“You can’t survive alone on matchday income (alone),” said Thompson. “If you look at our revenue streams, of course, yes, we’re well supported. We typically get around 2,500 fans currently attending our home games. (But also) we’ve separately got our sponsorship revenues. Thirdly, we’ve got merchandise, selling shirts and the like to fans. And, then, in addition, we’ve got the academy revenues themselves.”

Around 40 players have progressed through the academy — established seven years ago — to make appearances for South Shields’ first team.

Thompson said that where South Shields distinguish themselves over other rivals is that they are a full-time professional club, a status achieved in 2021.

He credits South Shields Sporting Director, Lee Picton, for playing a major role in creating a set-up that has seen the club’s profile, and reputation, skyrocket in recent years.

On targeting talent from the Middle East region, Picton said: “We are building strong links with the UAE and wider Middle East region by developing partnership connections with clubs and academic institutions in the region. This is further aided by the strong connection between Newcastle United Football Club and its majority owner, Saudi Arabia’s Public Investment Fund.” 

Thompson is hoping that the Saudi investment in Newcastle will have an impact — and shine a light — on the region in a way that will benefit other institutions, including South Shields, on and off the pitch.

“I would love to think that will happen over time,” he said. “What I have seen already is obviously under Saudi ownership, the Newcastle United Foundation is doing more and more. And I set up our own foundation, South Shields FC’s Foundation. And so we’ve got a charitable foundation that’s very similar to Newcastle’s, maybe not quite on the same scale, but we’ve got a very similar charitable purpose to try to help young children and to make them more physically active.”

South Shield may also have pulled off a unique feat that many in the region could not have contemplated.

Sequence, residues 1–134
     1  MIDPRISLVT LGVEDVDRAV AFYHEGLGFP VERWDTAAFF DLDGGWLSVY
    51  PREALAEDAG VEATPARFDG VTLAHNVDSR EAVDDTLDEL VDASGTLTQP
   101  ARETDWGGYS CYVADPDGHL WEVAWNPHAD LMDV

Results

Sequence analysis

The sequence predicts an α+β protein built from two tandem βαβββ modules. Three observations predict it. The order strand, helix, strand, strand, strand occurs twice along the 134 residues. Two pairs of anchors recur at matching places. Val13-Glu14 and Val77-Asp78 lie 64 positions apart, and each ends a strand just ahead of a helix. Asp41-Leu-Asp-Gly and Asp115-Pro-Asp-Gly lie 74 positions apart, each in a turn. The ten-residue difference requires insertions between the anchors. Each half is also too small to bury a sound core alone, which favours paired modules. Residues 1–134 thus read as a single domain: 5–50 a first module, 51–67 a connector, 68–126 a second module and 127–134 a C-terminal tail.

“I’d like to think we’re many people’s first club,” he said. “But we’re also a lot of Sunderland and Newcastle fans’ second club. We’re probably the only club in the entire country where a Newcastle fan and a Sunderland fan can watch a game of football together without any animosity.”

Comparisons with Wrexham AFC are hard to avoid. The Welsh club has in recent years become a global phenomenon thanks to the Netflix series “Welcome to Wrexham,” which followed the team’s return to the EPL after a 15-year absence following the purchase of the club by Hollywood stars Ryan Reynolds and Rob McElhenney.

“One thing I would say is that all of that investment in infrastructure I mentioned earlier, that’s a one-off investment. People don’t have to keep repeating that,” Thompson said.

“So all of the hard yards, all the spade work is being done now, the infrastructure’s in place. We own our own ground, it’s not owned by the council or by a third party. We’ve got a fantastic separate training facility that our foundation, our charitable foundation, run.

“It’s a bit like the Wrexham story in many respects. One thing I would stress is that there’s no debt in the club.”

Thompson said the club is primed for a bright future under any new owners.

“It’s almost approaching 100 years since we were last in the Football League, in the EFL equivalent, although it was the old Second Division, the championship right now,” he said. “But wouldn’t it be an amazing thing? I had this aspiration to get the club back into the Football League within that 100-year window.

“Honestly, I’ve had a fantastic period of time,” he said. “I’ve thoroughly enjoyed it. (Now) I’m going to take my time to find the new owner, the new partner.”